At first I was going to add to my original summer reading plans.  I wanted to add “The Tipping Point” by Malcolm Gladwell and “Making Thinking Visible” by Ron Ritchart to my already big pile of summer professional reading.

In Jimmy’s session, I was inspired to work more on my “branding” and begin formulating a way to utilize social media with the campuses I support to build a dynamic interactive community that moves beyond the school.

To say the least, my head was starting to spin, and I was beginning to wonder, while all this is good, was my wanting to do so much going to turn out as an epic fail? Is this enthusiasm for more plans going to create an effective result where I had gone a mile wide and inch deep in my learning and not the other way around?

I think the hardest thing about loving learning and working with kids is the human need for sleep.  I have so much I want to do and yet I require a certain amount of sleep.  So as I contemplated this dilemma on my last day of the week’s professional learning events, I walked into George Couros’ (@gcouros) keynote.  I love his compelling argument for a connected world, and what I began to realize was what I valued most about this week were the connections that I made both face to face and through Twitter… not the original plans that I made. I also realized that this life of learning that I love, can take over your life if you let it, and yet there is nothing powerful to be shared if you don’t capture meaningful moments of life and share with others.

As the keynote wrapped up,  I was torn between trying to find a corner of solitude to reflect and joining George’s session on “Blogging as a Professional Portfolio.”  I reasoned that there would be time to reflect later and opted to attend George’s session.

He shared very clearly why a blog serves a very clear and real purpose to show who you are as an educator and, even more, connects you with the world in a very intimate and human way.  There wasn’t a dry eye in the lecture hall when George shared his most recent and very personal blog post about the loss of his dog.

In this moment his very professional and personal blog challenged everything I had thought a blog and portfolio should be.

Another plan added to the list.

Then I went back to the epiphany I had during the keynote.

I realized…

I am not going to be doing all I originally planned to do.

In a way I am doing what we, as instructional engineers, do every day with resources and planning for focused student learning.  We have tons of resources, but its important for us to use the ones that are just right for the learners, learning target and the desired outcome.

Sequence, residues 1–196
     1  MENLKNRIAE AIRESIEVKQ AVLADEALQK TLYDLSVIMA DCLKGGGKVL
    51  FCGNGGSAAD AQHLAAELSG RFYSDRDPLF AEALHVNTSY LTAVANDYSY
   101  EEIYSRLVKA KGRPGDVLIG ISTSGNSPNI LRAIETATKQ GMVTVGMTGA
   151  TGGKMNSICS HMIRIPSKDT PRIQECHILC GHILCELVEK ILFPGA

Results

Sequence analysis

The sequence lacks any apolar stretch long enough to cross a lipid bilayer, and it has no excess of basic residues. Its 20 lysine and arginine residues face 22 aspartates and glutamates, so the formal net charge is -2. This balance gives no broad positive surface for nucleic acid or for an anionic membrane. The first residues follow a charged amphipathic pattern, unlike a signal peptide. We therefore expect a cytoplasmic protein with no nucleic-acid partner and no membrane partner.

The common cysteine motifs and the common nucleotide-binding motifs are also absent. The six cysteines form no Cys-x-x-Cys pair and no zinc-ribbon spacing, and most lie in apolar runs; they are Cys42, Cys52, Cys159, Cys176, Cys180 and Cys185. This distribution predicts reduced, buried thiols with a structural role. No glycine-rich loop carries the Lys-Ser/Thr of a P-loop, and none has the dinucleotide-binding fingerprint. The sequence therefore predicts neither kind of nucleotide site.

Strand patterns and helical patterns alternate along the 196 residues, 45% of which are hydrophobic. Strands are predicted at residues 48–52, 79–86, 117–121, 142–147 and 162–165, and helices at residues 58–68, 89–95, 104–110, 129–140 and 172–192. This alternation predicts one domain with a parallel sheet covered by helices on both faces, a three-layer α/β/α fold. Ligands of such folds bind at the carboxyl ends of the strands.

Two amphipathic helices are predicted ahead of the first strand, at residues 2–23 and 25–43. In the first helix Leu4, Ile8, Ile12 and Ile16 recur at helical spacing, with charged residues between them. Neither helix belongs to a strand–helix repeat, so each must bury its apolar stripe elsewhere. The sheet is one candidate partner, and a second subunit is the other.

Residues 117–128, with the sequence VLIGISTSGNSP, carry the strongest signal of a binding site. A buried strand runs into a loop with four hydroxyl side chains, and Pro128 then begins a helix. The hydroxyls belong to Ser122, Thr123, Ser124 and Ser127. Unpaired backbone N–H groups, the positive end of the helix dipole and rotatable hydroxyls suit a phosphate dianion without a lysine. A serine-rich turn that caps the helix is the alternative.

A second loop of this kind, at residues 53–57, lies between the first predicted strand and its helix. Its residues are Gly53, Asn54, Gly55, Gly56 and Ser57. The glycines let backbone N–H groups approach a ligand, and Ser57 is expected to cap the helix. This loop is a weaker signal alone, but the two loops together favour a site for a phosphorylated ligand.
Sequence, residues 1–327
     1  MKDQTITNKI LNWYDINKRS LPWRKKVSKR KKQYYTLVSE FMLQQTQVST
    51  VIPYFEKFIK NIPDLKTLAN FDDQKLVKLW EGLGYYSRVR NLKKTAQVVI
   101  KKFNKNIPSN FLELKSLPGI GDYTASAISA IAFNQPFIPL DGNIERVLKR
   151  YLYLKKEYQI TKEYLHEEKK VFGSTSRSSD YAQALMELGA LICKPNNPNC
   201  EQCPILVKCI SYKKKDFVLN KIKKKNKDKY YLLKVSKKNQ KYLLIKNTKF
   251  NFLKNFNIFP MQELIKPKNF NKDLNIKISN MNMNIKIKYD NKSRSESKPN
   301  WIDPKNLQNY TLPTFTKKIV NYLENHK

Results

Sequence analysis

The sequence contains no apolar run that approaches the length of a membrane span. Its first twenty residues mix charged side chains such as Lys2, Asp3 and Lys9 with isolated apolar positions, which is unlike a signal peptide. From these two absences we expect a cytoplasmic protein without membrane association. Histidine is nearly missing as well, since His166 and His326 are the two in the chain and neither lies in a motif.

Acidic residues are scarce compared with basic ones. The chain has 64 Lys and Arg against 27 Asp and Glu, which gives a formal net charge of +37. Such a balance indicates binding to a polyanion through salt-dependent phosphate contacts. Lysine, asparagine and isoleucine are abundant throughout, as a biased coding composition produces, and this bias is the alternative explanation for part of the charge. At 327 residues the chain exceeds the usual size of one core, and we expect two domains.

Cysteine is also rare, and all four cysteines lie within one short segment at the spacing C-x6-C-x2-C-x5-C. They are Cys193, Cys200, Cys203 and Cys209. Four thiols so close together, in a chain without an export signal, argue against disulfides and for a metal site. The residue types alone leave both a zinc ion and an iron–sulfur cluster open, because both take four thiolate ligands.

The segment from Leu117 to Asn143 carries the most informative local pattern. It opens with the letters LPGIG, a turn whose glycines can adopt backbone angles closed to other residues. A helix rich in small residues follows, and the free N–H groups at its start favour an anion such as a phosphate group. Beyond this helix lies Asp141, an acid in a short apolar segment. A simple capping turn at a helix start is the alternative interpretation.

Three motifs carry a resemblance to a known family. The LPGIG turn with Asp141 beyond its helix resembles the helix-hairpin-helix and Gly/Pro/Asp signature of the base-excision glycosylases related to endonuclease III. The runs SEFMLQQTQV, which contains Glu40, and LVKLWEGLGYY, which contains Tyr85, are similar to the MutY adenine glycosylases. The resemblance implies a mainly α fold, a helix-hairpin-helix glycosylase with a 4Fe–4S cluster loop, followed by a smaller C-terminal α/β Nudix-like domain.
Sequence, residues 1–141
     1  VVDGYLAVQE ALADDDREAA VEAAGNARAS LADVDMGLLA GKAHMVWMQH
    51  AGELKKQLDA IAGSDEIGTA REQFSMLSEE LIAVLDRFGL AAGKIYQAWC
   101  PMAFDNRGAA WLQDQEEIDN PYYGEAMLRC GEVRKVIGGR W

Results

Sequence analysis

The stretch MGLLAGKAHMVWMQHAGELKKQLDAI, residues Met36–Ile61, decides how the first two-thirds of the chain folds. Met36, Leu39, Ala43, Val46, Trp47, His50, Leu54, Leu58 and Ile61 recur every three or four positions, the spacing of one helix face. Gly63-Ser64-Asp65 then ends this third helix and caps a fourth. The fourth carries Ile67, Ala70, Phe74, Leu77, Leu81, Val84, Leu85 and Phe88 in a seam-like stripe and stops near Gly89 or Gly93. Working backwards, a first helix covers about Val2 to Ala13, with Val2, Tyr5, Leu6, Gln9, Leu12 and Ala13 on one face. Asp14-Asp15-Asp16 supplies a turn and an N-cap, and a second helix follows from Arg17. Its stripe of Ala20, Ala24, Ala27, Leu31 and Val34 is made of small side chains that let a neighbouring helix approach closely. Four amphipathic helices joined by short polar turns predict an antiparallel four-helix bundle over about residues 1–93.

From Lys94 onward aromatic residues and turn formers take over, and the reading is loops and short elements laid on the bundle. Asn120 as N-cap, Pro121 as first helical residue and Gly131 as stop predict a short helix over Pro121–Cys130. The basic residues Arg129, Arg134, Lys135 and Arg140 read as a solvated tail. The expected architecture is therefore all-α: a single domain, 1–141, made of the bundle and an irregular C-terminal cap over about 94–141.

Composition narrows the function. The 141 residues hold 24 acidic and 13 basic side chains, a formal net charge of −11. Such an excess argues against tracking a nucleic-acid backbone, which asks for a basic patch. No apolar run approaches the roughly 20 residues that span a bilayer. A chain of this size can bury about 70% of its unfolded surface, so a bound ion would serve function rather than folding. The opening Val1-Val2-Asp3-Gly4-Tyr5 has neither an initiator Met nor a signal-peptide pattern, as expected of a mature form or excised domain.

I have tons of learning opportunities and multiple directions I could go with the plans I had made and the added ideas I gathered this week.  However, would going full ahead without a reassessment of the situation be the best for me and for those that I would share with through this blog and through Twitter? Secondly, would this allow me to go into the depth this week revealed I desperately needed?

My first response was to start completely over with everything, reading lists, branding, blog, portfolio and family planned events.

I even tweeted about tossing this blog and starting over.

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This conversation led to the following…

1.  I will read books that support my passion for student driven learning that helps me to further the philosophy of Genius Hour in classrooms and develops a deeper understanding of Results Only Learning Environment (See ROLE Reversal Observed post).  I am giving myself permission to not get every professional book read on my list.

2.  I will be more intentional about capturing the moments around me in ways that let those around me know me on a more personal level and, in turn, I want to get to know those in my PLN and beyond on a more personal level.

3.  I will allow my blog to be a work in progress (organizing and categorizing for my audience) and begin to create a more dynamic platform that will provide a place for my continued reflections as an educator and person, but also showcase how my personal self and professional self intersect as a life-long learner and leader.

4.  I will be fully present for my family, friends and community.  I love my Twitter… but I must step back.

So I am in a state of “reshaping.” I am not throwing out the body of work that I began, but taking it and working it into something that better reflects me.  A “reshaping” that honestly and transparently connects with the world that has embraced me.

So pardon the mess and moving around that will occur on my blog as I work to “reshape” it.

Don’t hold me to the original list of books.  I do plan to read “Drive”by Daniel Pink and will do the “ROLE Reversal” by Mark Barnes Twitter Book Chat end of July.

Becoming more personal with  my professional learning community is probably my greatest challenge.  I am not naturally an open person, and sharing for the world intimidates me.  But I will do it.  I will JUMP!

My family will be only too happy to see my step back from Twitter… however Twitter may need to steady itself for the inundation of family related Tweets. You have been warned!

My First Loves...

Will you be “reshaping ” plans you made this summer for learning? How are you approaching your”reshaping?”